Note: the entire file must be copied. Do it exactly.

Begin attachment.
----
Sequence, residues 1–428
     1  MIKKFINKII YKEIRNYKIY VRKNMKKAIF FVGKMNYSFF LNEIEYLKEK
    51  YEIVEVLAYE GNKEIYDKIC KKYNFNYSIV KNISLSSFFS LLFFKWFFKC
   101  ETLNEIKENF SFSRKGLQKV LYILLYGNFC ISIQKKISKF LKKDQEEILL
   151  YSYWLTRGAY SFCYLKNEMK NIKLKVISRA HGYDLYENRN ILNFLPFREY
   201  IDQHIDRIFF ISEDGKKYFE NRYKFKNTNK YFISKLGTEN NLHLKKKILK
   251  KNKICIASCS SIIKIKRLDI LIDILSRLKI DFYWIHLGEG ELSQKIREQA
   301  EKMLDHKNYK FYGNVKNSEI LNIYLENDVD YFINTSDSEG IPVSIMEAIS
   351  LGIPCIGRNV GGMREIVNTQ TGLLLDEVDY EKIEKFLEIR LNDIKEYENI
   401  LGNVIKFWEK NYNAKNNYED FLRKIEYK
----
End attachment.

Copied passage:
Sequence, residues 1–428
     1  MIKKFINKII YKEIRNYKIY VRKNMKKAIF FVGKMNYSFF LNEIEYLKEK
    51  YEIVEVLAYE GNKEIYDKIC KKYNFNYSIV KNISLSSFFS LLFFKWFFKC
   101  ETLNEIKENF SFSRKGLQKV LYILLYGNFC ISIQKKISKF LKKDQEEILL
   151  YSYWLTRGAY SFCYLKNEMK NIKLKVISRA HGYDLYENRN ILNFLPFREY
   201  IDQHIDRIFF ISEDGKKYFE NRYKFKNTNK YFISKLGTEN NLHLKKKILK
   251  KNKICIASCS SIIKIKRLDI LIDILSRLKI DFYWIHLGEG ELSQKIREQA
   301  EKMLDHKNYK FYGNVKNSEI LNIYLENDVD YFINTSDSEG IPVSIMEAIS
   351  LGIPCIGRNV GGMREIVNTQ TGLLLDEVDY EKIEKFLEIR LNDIKEYENI
   401  LGNVIKFWEK NYNAKNNYED FLRKIEYK